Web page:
Tenets of Transparency
Summary: Eric claims that if ISVs are unwilling to trust their customers, then they won't have any.
Reminding my readers once again that I am not a Microsoft employee,
I observe that over the last year or two, the world has seen a
different posture from the developer tools groups at Microsoft. They've
opened up. The buzzword for this movement is "transparency". Some folks have told me that the leadership driving this concept comes straight down from Eric Rudder, Senior Vice President in charge of Servers and Tools.
This concept of transparency is visible in many different ways, including their Community Technology Previews and the Product Feedback Center.
But perhaps the most obvious change is the ubiquity of weblogs by
Microsofties of all kinds. Not that long ago I was habitually reading
every weblog written by a Microsoft employee, every day. Today there
are so many Microsoft weblogs I just can't begin to read them all. Only
Scoble can read that much stuff. :-)
In this column, I want to closely examine this concept of
transparency and talk about why it is so important, even for a small
The Magic of Selling Software
If you really think about the nature of an ISV, selling software is
an amazing thing. Throughout recorded history, most products have been
tangible. When I buy land, I can plant corn on it. When I buy a table
saw, I can use it to rip a board down its length. When I buy an orange
shirt, I can be properly attired for an Illinois basketball game. These
products are tangible.
In contrast, software is digital intellectual property, nothing more
than a bunch of bytes that happen to be in the right order. In fact,
here at SourceGear, most of our sales never involve anything physical
at all. Money flows in our T-1 line and products flow out. Sometimes it
seems like magic. Customers are buying something completely intangible,
and they're giving us real money for it!
However, as the old saying goes, money doesn't grow on trees.
Whether the customer is buying software or guns or butter, all product
buyers need to have a certain level of confidence and trust before they
can make the difficult decision to part with their money. Speaking as a
consumer, I need to feel different levels of trust for different kinds
of products. Buying a car is a very high-trust deal. Buying paper
clips? Not so much.
I observe that buying software is closer to the "high trust" end of
the spectrum. When people buy software from your ISV, they are
expecting a lot from you, both now and in the future:
- They trust that your product will work on their machines.
- They trust that you will help them if they have problems.
- They trust that you will continue to improve the product.
- They trust that you will provide them with a reasonable and fairly priced way of getting those improved versions.
- They trust that you are not going out of business anytime soon.
So, by asking customers to pay for your software, you are asking a
lot. You are expecting them to trust you. But how much do you trust
Declaring my intention not to stretch this metaphor too far, I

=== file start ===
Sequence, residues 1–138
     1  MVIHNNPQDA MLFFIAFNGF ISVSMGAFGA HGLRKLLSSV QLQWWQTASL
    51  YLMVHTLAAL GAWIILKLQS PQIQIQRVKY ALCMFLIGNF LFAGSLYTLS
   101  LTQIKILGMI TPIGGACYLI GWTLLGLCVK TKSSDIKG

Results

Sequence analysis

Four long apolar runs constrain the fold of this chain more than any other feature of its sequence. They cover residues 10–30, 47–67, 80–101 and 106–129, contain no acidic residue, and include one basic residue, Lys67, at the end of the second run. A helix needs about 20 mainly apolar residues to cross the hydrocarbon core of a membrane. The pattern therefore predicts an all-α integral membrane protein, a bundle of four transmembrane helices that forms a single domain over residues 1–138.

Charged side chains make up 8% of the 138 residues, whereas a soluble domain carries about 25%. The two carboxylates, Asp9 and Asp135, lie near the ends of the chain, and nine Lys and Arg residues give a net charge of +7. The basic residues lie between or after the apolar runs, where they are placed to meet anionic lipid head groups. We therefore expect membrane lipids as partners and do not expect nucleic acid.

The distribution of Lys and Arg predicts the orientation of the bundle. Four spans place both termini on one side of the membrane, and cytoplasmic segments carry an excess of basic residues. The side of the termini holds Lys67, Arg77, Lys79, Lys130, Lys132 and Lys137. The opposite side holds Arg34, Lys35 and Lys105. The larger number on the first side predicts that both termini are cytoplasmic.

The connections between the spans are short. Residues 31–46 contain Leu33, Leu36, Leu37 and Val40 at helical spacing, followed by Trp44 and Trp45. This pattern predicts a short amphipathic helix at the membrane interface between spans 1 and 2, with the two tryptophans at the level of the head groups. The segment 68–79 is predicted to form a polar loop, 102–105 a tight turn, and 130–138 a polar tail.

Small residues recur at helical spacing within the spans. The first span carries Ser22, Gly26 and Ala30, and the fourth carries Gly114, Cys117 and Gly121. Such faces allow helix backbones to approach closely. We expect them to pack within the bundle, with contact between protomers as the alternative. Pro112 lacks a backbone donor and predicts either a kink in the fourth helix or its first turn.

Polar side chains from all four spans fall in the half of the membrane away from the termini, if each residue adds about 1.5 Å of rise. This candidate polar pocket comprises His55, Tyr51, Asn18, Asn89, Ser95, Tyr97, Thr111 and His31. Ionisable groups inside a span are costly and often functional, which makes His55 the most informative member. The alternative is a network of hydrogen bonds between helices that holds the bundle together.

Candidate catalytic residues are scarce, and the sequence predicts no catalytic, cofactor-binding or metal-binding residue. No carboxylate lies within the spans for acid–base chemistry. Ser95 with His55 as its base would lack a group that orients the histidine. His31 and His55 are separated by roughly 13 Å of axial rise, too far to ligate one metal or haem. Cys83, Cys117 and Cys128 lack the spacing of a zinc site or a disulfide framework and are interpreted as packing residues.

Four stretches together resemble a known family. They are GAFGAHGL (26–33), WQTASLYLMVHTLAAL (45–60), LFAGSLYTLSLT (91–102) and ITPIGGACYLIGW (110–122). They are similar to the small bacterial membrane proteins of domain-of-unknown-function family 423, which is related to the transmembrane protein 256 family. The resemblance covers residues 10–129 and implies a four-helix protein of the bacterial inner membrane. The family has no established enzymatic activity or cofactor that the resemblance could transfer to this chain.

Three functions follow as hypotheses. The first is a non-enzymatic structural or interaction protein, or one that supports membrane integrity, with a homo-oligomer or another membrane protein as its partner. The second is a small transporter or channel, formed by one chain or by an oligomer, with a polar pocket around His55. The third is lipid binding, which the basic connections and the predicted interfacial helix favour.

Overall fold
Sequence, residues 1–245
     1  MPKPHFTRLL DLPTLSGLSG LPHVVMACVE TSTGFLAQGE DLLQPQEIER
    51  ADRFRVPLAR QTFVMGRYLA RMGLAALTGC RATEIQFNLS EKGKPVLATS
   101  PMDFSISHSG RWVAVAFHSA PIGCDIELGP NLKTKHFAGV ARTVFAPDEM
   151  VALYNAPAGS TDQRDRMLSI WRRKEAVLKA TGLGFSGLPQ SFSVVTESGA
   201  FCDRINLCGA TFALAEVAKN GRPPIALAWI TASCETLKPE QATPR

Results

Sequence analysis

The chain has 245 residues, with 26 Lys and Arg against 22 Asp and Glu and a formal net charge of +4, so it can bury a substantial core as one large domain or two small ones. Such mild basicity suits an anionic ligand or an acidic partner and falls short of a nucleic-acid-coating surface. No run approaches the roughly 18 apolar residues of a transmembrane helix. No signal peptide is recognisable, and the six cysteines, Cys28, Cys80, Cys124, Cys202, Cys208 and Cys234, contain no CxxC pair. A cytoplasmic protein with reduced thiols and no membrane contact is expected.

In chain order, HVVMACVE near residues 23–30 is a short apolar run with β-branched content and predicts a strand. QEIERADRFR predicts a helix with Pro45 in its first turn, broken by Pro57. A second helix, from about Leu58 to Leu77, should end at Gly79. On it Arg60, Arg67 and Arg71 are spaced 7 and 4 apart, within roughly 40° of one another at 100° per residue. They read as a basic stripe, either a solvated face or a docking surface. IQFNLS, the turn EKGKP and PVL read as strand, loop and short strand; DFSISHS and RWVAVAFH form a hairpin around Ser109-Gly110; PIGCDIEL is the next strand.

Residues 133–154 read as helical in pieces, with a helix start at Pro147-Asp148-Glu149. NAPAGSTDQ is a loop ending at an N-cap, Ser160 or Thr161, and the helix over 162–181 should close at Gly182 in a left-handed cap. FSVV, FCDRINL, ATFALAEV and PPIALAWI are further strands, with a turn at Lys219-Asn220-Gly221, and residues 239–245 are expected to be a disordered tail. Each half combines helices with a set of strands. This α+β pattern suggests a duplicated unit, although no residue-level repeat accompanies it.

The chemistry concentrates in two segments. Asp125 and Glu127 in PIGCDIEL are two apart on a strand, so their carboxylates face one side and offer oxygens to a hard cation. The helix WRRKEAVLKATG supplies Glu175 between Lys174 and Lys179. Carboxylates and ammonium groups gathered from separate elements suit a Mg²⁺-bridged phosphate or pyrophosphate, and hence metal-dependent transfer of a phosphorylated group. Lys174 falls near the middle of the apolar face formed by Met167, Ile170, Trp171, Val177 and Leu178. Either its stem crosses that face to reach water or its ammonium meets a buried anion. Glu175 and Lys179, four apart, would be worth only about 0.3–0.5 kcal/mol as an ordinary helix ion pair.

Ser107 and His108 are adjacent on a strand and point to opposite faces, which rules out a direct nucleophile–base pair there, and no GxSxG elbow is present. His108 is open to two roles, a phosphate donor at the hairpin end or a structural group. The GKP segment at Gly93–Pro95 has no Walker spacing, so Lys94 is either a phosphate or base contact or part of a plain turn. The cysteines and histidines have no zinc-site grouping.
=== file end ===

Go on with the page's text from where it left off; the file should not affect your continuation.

compare the ISV/customer relationship to a relationship between two
people. Relationships don't work without mutual trust. If one side expects trust but is unwilling to give it, the relationship will simply fail.
So often I see software entrepreneurs who don't want to trust their
customers at all. It is true that trusting someone makes us vulnerable.
Just as in a human relationship, trust is a risk. We might get hurt.
But without that trust, the relationship isn't going to work at all.
Transparency is an ISV's way of trusting your customers. By letting
your customers see behind the corporate veil, you extend them your
trust, making it easier for them to trust you in return.
Here in the Midwest there is a restaurant chain called Steak-n-Shake that seems to understand transparency. Their slogan is "In Sight It Must Be Right". The idea is that if you let your customers watch you prepare their food, you can't slip anything funny into the burger.
If this doesn't make sense yet, please bear with me. In the
following sections I will discuss eight ways that ISVs can trust their
customers by being transparent.
1. Have a Weblog
When I am a customer of another ISV, I want to see weblogs:
- I don't want a traditional sanitized
marketing voice. I want to hear real people speaking in the first
person about their company and its products.
- I'm not
interested in a press release that contains one small quote from the
CEO. I want the entire thing to be a quote from the CEO.
don't want to hear from people whose job it is to talk to me. I want to
read stuff written by the actual developers working on the product.
Weblogs give me a way to see the people behind the products.
Noting that weblogs come in all flavors, I want to clarify what I
mean. Lots of weblogs are written by individuals who feel compelled to
tell the world what they had for breakfast and whether they found a way
to get laid last night. Others keep a weblog to write about their
religious or political views, or to provide extended family with daily
pictures of their kids. These are not the kinds of "blogs" I have in
The style I am recommending here is what most people would call a
"corporate weblog". The goal is to give the world a personal glimpse of
the people behind the product, but not to get too personal. Let